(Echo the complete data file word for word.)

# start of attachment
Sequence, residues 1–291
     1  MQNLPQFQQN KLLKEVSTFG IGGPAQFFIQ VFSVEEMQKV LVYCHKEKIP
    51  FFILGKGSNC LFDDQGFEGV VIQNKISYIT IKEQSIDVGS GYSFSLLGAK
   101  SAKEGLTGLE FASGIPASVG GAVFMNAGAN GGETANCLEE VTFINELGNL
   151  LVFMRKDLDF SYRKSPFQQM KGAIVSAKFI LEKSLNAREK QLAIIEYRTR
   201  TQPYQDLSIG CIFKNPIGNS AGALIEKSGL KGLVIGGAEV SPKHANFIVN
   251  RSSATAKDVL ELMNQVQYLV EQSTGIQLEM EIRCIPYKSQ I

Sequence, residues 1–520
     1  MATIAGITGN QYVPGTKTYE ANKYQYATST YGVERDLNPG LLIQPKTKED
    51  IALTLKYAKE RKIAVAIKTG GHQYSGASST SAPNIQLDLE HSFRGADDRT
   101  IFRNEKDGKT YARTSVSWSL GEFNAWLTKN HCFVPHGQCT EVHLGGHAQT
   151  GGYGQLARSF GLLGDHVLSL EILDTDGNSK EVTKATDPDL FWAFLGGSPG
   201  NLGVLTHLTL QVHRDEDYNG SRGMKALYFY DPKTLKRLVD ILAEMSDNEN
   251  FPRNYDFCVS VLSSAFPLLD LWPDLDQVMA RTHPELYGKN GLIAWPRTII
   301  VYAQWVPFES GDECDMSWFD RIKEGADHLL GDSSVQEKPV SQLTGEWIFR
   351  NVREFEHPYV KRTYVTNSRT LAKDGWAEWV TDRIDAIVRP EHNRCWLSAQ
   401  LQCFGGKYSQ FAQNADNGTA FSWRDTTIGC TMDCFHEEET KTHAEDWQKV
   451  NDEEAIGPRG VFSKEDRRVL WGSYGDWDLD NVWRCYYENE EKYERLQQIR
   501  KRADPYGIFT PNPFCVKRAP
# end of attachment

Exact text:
Sequence, residues 1–291
     1  MQNLPQFQQN KLLKEVSTFG IGGPAQFFIQ VFSVEEMQKV LVYCHKEKIP
    51  FFILGKGSNC LFDDQGFEGV VIQNKISYIT IKEQSIDVGS GYSFSLLGAK
   101  SAKEGLTGLE FASGIPASVG GAVFMNAGAN GGETANCLEE VTFINELGNL
   151  LVFMRKDLDF SYRKSPFQQM KGAIVSAKFI LEKSLNAREK QLAIIEYRTR
   201  TQPYQDLSIG CIFKNPIGNS AGALIEKSGL KGLVIGGAEV SPKHANFIVN
   251  RSSATAKDVL ELMNQVQYLV EQSTGIQLEM EIRCIPYKSQ I

Sequence, residues 1–520
     1  MATIAGITGN QYVPGTKTYE ANKYQYATST YGVERDLNPG LLIQPKTKED
    51  IALTLKYAKE RKIAVAIKTG GHQYSGASST SAPNIQLDLE HSFRGADDRT
   101  IFRNEKDGKT YARTSVSWSL GEFNAWLTKN HCFVPHGQCT EVHLGGHAQT
   151  GGYGQLARSF GLLGDHVLSL EILDTDGNSK EVTKATDPDL FWAFLGGSPG
   201  NLGVLTHLTL QVHRDEDYNG SRGMKALYFY DPKTLKRLVD ILAEMSDNEN
   251  FPRNYDFCVS VLSSAFPLLD LWPDLDQVMA RTHPELYGKN GLIAWPRTII
   301  VYAQWVPFES GDECDMSWFD RIKEGADHLL GDSSVQEKPV SQLTGEWIFR
   351  NVREFEHPYV KRTYVTNSRT LAKDGWAEWV TDRIDAIVRP EHNRCWLSAQ
   401  LQCFGGKYSQ FAQNADNGTA FSWRDTTIGC TMDCFHEEET KTHAEDWQKV
   451  NDEEAIGPRG VFSKEDRRVL WGSYGDWDLD NVWRCYYENE EKYERLQQIR
   501  KRADPYGIFT PNPFCVKRAP